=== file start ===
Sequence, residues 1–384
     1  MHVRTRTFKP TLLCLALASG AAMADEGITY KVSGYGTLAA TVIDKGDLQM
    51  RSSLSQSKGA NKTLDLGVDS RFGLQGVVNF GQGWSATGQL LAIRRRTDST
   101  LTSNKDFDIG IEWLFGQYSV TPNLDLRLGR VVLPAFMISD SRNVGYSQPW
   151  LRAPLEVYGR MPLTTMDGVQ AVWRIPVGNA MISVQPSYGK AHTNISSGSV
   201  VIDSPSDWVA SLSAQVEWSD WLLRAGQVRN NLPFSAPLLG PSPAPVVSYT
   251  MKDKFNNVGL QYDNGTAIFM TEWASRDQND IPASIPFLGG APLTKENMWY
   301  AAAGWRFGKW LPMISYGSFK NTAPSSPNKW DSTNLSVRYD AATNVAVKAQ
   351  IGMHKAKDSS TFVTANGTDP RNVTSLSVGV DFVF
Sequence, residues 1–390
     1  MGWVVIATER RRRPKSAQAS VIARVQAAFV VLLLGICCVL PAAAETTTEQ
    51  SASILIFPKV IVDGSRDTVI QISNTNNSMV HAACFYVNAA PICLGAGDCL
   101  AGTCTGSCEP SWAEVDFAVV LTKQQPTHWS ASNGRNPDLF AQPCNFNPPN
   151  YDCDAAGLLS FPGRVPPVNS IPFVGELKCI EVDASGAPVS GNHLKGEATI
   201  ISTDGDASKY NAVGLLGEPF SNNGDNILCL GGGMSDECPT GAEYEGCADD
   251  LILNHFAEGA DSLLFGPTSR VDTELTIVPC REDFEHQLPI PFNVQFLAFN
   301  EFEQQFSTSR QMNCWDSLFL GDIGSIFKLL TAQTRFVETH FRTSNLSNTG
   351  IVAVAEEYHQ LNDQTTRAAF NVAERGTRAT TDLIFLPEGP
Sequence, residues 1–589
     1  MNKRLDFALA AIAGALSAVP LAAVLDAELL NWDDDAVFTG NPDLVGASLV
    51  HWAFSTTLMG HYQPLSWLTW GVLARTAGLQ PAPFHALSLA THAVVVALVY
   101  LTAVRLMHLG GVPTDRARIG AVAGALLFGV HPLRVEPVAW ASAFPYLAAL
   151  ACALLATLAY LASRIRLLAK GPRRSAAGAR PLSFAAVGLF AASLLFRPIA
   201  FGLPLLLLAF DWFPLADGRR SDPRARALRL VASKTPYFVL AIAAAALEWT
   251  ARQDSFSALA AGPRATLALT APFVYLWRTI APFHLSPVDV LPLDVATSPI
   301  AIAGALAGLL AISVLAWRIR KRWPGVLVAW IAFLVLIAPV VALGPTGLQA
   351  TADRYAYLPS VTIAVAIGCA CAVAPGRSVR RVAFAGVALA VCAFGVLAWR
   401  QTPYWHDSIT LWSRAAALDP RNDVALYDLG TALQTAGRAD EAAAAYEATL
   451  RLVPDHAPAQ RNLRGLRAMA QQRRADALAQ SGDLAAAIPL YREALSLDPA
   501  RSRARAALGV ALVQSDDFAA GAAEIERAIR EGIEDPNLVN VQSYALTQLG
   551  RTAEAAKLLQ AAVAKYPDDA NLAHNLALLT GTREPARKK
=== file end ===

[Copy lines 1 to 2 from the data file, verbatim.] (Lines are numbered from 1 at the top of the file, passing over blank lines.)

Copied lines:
Sequence, residues 1–384
     1  MHVRTRTFKP TLLCLALASG AAMADEGITY KVSGYGTLAA TVIDKGDLQM